Lily tells him that it's ridiculous he's leaving (true), and even more ridiculous that he hasn't told anyone besides her (double true). Ted thinks it will ruin the wedding. Lily calls him an avoider, especially since he's leaving basically the second the wedding's over. But not before correcting all the grammatical errors in the local graffiti, of course. And indulge in a possible sexual interest in buildings. So wait, the plan is basically to go to the wedding, act all happy and casual, and then run the fuck away? That is STUPID, Ted. It makes this author want to hit him with a rolled-up newspaper. STUPID. This entire season is STUPID.

Robin and Barney run to their room and start to rip their clothes off, but Robin says they should go somewhere forbidden. Barney gets all excited, but no, Robin only means somewhere in the public view. They head for the roof. Unfortunately, they're interrupted by complaining elderly relatives. To make matters worse, they're locked out of their room. They decide to run for the front desk to get a key - but the lobby is infested with the elderly. Um, these guys have put up a ton of money and time to come and watch you guys get married. The Barney and Robin I liked wouldn't be this ridiculous.

Lily and Ted, still going through the list, reach "tell my upstairs neighbor how I feel about her". Ted feels that her shoes must be made of lead, and she sucks at the bongos. Tap tap tap. We've all had that neighbor. Let's move on. There's also a mysterious story taking place on April 26th. Ted and Marshall got way too in-depth about The Princess Bride and decided to swordfight (despite a previous incident that almost killed Lily). They destroyed Lily's dress in the process and blamed it on the dry cleaners. Lily flips out, of course. Stop letting her drink. Ted apologizes, but Lily demands retribution. Since she has to wear something she hates, Ted has to wear - a 1920's bathing suit? Huh? What fresh hell is this? Marshall doesn't get punished because he's still in the Midwest somewhere - until Lily gets Daphne to dress him up as a Green Bay Packer. I think I just watched a man's soul die.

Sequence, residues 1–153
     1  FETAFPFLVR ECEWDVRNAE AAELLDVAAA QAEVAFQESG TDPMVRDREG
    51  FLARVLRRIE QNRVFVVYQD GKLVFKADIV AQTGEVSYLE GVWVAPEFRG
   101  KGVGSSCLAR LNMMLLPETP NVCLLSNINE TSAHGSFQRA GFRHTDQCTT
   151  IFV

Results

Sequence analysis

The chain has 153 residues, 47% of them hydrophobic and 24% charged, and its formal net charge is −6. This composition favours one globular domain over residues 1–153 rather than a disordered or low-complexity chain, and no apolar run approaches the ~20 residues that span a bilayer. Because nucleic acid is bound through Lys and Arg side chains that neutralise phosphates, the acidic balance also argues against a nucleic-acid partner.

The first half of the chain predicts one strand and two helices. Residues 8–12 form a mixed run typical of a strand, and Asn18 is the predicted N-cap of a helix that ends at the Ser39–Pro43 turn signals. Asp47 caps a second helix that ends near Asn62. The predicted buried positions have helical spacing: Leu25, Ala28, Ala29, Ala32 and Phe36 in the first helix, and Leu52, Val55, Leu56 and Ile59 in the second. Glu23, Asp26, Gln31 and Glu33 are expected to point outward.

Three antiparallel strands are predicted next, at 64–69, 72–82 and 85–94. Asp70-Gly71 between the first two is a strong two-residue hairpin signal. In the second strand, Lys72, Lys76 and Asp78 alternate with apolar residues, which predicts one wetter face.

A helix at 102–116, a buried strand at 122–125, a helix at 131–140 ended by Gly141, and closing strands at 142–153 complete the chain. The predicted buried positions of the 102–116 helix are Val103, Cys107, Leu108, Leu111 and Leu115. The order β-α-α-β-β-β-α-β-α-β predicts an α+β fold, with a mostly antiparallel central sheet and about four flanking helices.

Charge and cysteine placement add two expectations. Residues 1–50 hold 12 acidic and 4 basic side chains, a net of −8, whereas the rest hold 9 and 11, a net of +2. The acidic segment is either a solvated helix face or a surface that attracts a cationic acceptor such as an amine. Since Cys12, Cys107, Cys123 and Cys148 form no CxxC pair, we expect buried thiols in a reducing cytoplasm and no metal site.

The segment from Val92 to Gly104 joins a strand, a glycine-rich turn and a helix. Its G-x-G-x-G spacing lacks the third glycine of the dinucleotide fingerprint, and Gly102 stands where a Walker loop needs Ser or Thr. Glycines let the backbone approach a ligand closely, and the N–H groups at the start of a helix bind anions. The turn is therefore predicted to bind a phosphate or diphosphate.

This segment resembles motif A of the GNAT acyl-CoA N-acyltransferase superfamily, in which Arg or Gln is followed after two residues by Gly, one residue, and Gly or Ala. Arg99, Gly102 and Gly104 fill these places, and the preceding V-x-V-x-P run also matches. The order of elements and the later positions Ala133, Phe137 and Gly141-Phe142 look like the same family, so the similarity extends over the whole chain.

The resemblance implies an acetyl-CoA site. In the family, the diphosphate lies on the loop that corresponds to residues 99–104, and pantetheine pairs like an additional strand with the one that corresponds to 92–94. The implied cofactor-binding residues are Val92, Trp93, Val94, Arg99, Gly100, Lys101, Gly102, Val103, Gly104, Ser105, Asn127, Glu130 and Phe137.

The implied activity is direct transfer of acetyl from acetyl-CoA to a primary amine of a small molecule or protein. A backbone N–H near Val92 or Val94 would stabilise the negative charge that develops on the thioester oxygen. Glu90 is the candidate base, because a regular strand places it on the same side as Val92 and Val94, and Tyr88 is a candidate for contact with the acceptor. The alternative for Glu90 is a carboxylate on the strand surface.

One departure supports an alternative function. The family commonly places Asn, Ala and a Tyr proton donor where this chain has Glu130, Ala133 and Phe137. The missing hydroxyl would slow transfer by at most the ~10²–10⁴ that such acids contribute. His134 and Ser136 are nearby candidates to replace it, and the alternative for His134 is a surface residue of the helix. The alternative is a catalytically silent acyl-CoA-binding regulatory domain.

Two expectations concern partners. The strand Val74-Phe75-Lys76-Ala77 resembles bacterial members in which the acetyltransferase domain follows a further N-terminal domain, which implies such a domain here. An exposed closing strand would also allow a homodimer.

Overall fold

Barney and Robin are still trying to avoid the elderly, but Barney accidentally says "Mandy Patinkin", which apparently draws them like flies to rotting meat. Huh? Since when is that a thing? They hide out near the ice machine, since it's too cold for them - but James has already taken the hiding place.

Lily points out that the only thing Ted hasn't checked off yet is scotch with Barney, proving her point that he can't handle his friends anymore. Ted brushes it off, claiming he and Marshall will have the scotch with Barney right before the rehearsal dinner. It's even special scotch, aged to perfection and super rare. One problem, though - Lily and Robin were swordfighting, all while pretending to disapprove of the guys swordfighting, and smashed the precious bottle. They bought cheap whiskey and replaced the label, figuring no one would know the difference, and altered the color with ketchup, hand sanitizer, chocolate syrup, and other things too fierce to mention. Lily doesn't mention this, however, and Ted is too pretentious to know the difference. Before Lily can stop him, he takes a sip - and declares it breathtaking. Oh, poor snobby Ted.

James is hiding from the elderly because of his gay black divorced status, and he gets into a chat with Barney and Robin. They explain their "one-last-bang" situation. James is no help, saying all the sex went out of his marriage - but he won't let it happen to his brother. He is going to sacrifice himself for Barney and Robin's horniness. They try to stop him, but he is insistent - and gives up his moment of peace for their chance to shag. (Actually, in all seriousness, this scene is quite funny. The deadpan delivery makes it.)

And so he walks into the hall, stretches out his arms like Christ Himself, and is swept up in a maze of old people (though he has to tap them on the shoulder to get them to notice him). Godspeed, James. I think I'm crying a little. Barney cries out in agony for his lost comrade, but Robin tells him that James is gone, and they leave to have the fuck they've been longing for since ten minutes ago. Unfortunately, there is another squadron of old people on the stairs. They discuss finding open rooms or the gym, but nothing seems to work. They settle on the business centre - because old people are scared of technology - and split up for some reason I can't remember.